During a press conference in Atlanta on May 29, 2020, the rapper Killer Mike urged rioters and looters to go home instead and fill out their census forms.
“If you sit in your homes tonight instead of burning your homes to the ground, you will have time to properly plot, plan, strategize, organize and mobilize in an effective way. And two of the most effective ways are first taking your butt to your computer and making sure you fill out your census, so that people know who you are and where you are…”
The National Congress of American Indians (NCAI), Native American Rights Fund, and the National Urban Indian Family Coalition have created a 1-page flyer featuring four steps to safely count native households.
The Census Bureau and NCAI also partnered in developing a how-to guide for virtual canvassing of Indian Country.
Denice Ross of Georgetown University wrote in The Hill that, “For example, local census partners are spreading the word that residents who need help filling out the form can call the Census Bureau. However, if the bureau were to share data on call volumes, then partners could tell residents when the best time to call is, rather than clogging up the phone lines and causing long wait times that discourage residents from completing the process. Complete Count Committees and Census Bureau Partners need that type of data in an open format so they can incorporate it into their own carefully planned outreach efforts.”
Ross proposed several data streams that would be useful for the Bureau to provide
“weekly analysis on response rates for specific hard-to-reach populations like children ages 0-5 and renters to hone partner outreach messaging,” in addition the existing self-response rate reporting;
“Completion rates for the non-response follow-up workload so trusted local messengers can encourage participation”;
“Group quarters workload completed by type of facility (nursing home, college dorm, correctional facility, etc.) and by state, so state and local officials can provide support for sectors falling behind in the count”;
“hourly wait times by language line” from the Census Bureau’s call centers, “and the most common questions from callers, such as ‘when will I get my paper form?’”; and
“recruiting goals by county,” if the Bureau needs more workers, including “demographic characteristics and language skills,” so that local partners can help identify potential job candidates.”
TOP DOC: A coalition of organizations called The Census Project, which advocates for an “inclusive and accurate” census, sent a letter to House and Senate appropriators last week asking for nearly $1.7 billion in fiscal 2021 funding for the Census Bureau. That total is $9 million more than what the Trump administration requested, they noted. The groups also urged lawmakers to provide additional assistance in future pandemic relief legislation.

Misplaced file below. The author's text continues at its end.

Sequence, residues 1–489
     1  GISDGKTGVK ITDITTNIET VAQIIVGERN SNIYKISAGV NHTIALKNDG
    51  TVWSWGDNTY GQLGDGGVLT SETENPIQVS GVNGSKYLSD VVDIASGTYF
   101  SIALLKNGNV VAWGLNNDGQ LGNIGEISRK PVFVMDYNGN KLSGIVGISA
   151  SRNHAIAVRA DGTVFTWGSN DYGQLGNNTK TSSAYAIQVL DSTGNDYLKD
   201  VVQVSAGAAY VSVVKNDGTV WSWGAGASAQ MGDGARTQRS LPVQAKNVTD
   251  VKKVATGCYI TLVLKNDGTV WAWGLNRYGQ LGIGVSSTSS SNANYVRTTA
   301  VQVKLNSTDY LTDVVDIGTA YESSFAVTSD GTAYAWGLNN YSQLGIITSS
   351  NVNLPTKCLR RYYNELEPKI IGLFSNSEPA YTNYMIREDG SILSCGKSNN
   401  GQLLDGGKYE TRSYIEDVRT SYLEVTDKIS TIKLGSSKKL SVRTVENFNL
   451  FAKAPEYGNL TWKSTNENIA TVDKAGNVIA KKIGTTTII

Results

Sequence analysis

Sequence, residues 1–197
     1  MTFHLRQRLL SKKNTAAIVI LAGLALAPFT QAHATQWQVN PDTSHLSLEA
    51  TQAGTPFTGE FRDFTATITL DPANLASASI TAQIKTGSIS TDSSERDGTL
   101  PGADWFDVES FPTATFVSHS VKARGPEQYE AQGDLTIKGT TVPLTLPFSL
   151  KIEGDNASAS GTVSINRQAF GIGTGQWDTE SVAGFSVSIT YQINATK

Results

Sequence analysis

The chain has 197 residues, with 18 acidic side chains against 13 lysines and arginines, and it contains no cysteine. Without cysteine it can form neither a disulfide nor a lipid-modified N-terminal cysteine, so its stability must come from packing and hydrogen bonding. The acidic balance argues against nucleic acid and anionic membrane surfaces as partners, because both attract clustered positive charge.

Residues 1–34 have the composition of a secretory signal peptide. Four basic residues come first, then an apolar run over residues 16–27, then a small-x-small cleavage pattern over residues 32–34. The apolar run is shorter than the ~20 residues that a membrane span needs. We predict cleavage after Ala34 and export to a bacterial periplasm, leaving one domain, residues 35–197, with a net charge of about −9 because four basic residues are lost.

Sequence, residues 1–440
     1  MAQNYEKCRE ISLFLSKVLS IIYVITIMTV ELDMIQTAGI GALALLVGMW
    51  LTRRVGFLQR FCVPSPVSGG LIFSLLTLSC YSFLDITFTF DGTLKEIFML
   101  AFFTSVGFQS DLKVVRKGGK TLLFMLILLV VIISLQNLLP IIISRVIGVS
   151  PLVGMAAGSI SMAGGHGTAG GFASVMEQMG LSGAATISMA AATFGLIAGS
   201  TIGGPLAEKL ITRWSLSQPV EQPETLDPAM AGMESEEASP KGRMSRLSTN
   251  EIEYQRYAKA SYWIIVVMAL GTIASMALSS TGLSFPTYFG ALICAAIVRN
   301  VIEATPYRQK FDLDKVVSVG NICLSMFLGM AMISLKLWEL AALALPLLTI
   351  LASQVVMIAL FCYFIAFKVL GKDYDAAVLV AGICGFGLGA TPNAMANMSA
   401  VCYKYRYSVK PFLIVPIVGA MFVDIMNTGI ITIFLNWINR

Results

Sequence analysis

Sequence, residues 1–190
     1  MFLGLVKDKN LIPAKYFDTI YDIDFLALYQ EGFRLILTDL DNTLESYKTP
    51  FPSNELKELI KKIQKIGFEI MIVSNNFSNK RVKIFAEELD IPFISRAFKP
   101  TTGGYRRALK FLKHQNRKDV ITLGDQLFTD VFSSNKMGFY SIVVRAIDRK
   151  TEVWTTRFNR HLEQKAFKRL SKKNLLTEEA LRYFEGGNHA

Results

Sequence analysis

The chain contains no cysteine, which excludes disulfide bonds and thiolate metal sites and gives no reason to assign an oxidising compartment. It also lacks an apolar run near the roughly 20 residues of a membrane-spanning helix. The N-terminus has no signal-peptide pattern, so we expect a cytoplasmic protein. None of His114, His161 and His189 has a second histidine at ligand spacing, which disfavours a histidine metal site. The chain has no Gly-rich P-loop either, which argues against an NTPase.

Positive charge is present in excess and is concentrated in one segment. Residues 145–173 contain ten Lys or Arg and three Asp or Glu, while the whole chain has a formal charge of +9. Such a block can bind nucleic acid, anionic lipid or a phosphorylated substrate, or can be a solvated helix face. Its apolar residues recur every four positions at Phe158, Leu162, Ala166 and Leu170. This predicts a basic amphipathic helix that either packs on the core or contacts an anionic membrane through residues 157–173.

Politico Pro Budget & Appropriations newsletter. By Caitlin Emma. May 18, 2020.
The National Conference of State Legislatures (NCSL) wrote to the House Oversight & Reform Committee on May 14, 2020 about the delays to the 2020 Census “and their state impact on redistricting,” as well as the Census Bureau’s use of “differential privacy as its statistical method for protecting individual data,” two issues presenting “a conundrum for many states.”
Delayed census operations and reporting “present serious hurdles for states constrained by state constitutional and statutory requirements for districting and elections.” Meanwhile, “differential privacy has caused state concerns regarding the accuracy of the data they will receive.”
NCSL asked for a “meaningful consultation” between the Census Bureau and states regarding their concerns and for vigorous Congressional oversight.
A group of Senators, led by Sen. Brian Schatz (D), have written to Senate leadership requesting “additional funding for the Census Bureau” to specifically “address the operational changes to the 2020 Census in response to the current public health crisis.”
The May 8, 2020 letter acknowledged the need to work on the delays in statutory deadlines sought by the Administration, but said that “it must be paired with additional funding for the Census Bureau to ensure that every person is counted. The extension is expected to cost an estimated $1.5 billion.”
The additional funding the Senators recommended “should be used specifically on:
Personal protective equipment for census field workers, call center staff, and other employees;
Additional mailings to households that have not self-responded;
Targeted outreach to hard-to-count communities;
Targeted outreach to the location of the 2018 End-to-End Census Test;
Special operations to hand-deliver census packets in rural and remote communities, on American Indian reservations, in areas recovering from natural disasters, in Alaska, and in Puerto Rico;
Enumerating people experiencing homelessness;
Increased in-language outreach and assistance to supplement 2020 Census partners in non-English speaking communities;
Changes in Census Bureau’s communications plan, including advertisement and social media;
An increase in the number of call center staff to address higher volumes of self-responses by phone; and
Facilitating internet access in low self-response neighborhoods.”
“A delay in receiving census data will impact redistricting in most states,” according to a new report from the Brennan Center for Justice, and may “require changes to deadlines and processes set by state law.”
With delays to census field operations, the Administration has proposed to significantly extend the statutory deadlines for data reporting. The report goes over all the adjustments states will need to make to still be able to complete their required redistricting. “Depending on how long this process takes,” courts may “need to intervene and draw temporary maps” and “adjust candidate filing periods and/or delay primary elections.”